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Acolade for Wairarapa engineer

Carterton-based engineer Michelle Grant has been recognised for her services to the industry and community by Engineering New Zealand [ENZ], which has presented her with the prestigious MacLean Citation award.

ENZ chief executive Richard Templer told Times-Age the award is one of the most important in the engineering sector nationally.

“The award can be given a maximum of once annually, but it is only awarded when someone is considered to have met the bar,” Templer said.

“The criterion for the award asks, has the person’s body of work contributed to a significant part of the profession?

“Has it resulted in a lifting in the standard of the profession?

“And has it been done while exemplifying engineering practice and an outstanding ethics in judgment?”

According to Templer, the fact Grant has earned the award at the age of 44 is impressive, given that recipients are usually much older.

Grant first learned of the honour via a cold call from Templer.

“I was speechless, which is not something I often feel,” she said.

“I am chuffed.

“It felt amazing to be recognised, and I am happy to be doing what I am doing.”

Grant’s engineering career started when she graduated with a bachelor’s degree from the University of Technology Sydney [UTS] in 2001.

She stayed in Syndey doing on-site construction work until 2007, when she hopped the pond and moved to Wairarapa, where her partner’s family are from.

The professional speciality Grant is most noted for is engineering earthquake-safe designs for buildings.

In 2011, she flew to Christchurch after the devastating earthquake to conduct inspections and see which buildings were safe and which were not.

“It was a very good learning experience but very confronting; I was deployed to the red zone in the city doing building inspections for a week after the earthquake,” she said.

“The Christchurch earthquake and the later one in Kaikōura taught us a lot about earthquake resilient design.”

Her earthquake work also included a well-received seminar called The 10 Tips for Designing Low-Rise Structures, which she said saw 400 engineers participate across New Zealand.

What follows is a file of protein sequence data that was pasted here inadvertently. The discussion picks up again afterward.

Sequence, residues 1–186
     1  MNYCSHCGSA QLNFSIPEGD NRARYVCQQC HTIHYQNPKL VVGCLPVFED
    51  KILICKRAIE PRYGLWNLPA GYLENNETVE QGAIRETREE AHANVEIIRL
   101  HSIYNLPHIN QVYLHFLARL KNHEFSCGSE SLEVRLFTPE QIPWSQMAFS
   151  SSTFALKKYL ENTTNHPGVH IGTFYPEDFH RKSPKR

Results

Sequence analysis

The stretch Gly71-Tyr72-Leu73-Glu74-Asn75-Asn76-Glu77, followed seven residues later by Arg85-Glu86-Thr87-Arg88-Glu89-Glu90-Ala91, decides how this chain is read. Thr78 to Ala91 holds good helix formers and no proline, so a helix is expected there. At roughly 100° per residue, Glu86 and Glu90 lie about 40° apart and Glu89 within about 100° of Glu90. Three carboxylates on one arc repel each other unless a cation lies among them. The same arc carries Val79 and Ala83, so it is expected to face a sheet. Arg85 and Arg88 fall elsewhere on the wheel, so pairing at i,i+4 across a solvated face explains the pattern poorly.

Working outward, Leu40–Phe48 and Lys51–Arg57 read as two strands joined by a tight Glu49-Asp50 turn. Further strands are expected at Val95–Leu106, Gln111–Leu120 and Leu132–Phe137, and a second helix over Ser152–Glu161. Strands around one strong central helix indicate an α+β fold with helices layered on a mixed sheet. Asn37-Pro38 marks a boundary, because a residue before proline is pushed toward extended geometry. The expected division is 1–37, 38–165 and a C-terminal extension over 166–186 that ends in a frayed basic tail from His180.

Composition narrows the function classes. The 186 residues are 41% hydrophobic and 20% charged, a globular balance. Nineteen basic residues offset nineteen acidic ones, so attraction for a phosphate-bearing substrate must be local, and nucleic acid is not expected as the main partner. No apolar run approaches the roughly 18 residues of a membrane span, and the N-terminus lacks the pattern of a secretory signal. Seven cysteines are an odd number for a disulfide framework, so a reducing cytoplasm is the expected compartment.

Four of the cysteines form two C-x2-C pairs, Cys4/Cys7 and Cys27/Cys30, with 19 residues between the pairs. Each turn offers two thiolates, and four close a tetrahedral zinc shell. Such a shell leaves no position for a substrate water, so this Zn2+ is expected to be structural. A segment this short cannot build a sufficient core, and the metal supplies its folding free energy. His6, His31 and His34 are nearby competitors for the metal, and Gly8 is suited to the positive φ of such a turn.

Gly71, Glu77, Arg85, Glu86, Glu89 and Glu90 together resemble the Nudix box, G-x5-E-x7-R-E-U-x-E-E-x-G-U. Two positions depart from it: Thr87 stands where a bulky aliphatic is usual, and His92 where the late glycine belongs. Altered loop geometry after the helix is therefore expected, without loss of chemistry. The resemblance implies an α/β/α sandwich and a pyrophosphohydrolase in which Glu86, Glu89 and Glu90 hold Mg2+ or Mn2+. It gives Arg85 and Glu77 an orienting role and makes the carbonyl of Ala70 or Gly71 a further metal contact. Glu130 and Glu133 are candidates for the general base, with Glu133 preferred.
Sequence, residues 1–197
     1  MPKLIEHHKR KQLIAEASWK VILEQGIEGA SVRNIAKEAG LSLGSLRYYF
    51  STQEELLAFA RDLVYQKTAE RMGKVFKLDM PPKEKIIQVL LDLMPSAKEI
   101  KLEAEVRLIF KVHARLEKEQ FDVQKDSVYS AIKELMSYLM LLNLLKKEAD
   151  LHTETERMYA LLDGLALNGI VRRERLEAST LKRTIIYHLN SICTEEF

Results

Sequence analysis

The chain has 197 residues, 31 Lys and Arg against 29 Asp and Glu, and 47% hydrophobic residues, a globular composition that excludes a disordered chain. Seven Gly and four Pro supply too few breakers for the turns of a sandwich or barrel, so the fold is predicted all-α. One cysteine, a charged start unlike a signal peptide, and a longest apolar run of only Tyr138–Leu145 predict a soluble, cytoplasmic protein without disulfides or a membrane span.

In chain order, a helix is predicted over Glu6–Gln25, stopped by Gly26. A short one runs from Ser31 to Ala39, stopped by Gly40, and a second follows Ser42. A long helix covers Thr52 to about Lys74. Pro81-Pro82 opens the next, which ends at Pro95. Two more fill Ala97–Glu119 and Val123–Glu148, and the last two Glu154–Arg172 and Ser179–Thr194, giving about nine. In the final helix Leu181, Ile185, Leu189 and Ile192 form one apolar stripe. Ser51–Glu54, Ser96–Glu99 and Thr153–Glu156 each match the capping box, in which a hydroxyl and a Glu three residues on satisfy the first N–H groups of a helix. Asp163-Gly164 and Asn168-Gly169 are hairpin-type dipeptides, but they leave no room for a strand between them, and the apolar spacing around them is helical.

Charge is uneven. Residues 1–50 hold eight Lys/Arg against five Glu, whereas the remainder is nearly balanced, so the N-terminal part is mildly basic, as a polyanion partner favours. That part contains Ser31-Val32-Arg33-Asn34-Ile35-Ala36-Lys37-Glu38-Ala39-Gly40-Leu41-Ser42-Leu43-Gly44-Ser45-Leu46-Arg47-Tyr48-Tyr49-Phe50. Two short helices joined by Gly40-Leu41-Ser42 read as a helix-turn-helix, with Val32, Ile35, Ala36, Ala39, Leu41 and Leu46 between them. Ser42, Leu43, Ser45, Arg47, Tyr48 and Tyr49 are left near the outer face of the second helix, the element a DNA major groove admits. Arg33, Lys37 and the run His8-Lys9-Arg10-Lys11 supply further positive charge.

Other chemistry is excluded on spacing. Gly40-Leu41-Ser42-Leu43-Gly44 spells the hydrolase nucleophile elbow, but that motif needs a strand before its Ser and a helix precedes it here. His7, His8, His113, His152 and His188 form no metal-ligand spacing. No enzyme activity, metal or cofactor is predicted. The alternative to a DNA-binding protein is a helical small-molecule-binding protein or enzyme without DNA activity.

In addition, she is noted for being the current lead engineer on the soon-to-come Masterton station for Wellington Free Ambulance, which will be built to an IL4 earthquake standard, meaning will be able to continue operating if a big quake strikes.

She also did some work with the Tīnui community after the Cyclone Gabrielle floods, gave evidence in the recent court case between Masterton District Council and Te Whatu Ora – Health New Zealand regarding Wairarapa’s defective hospital, and has contributed to community outreach, sector education, and sector design improvements.

Last year, Grant finished a two-year term as president of the Structural Engineering Society of New Zealand [SESONZ].

“When you talk about demographics, I was the first female president of SESONZ; currently, about seven per cent of the engineering workforce is made up of women,” she noted.

Grant is also a co-director of LGE Consulting, which has operated in the region for 10 years.

Her client portfolio includes the Trust Lands Trust [TRT], for which she is working on a range of buildings that need earthquake strengthening.

TRT general manager Andrew Croskery said Grant’s accolade is well-deserved and “great recognition for all the time and effort she put into her work”.

For her part, Grant said she is happy to be in an industry she loves and hopes to continue making a positive difference.

Freddie Wilkie
Freddie Wilkie
Freddie Wilkie is a journalist at the Wairarapa Times-Age; originally moving from Christchurch, he is interested in housing stories as well as covering emergencies and crime.

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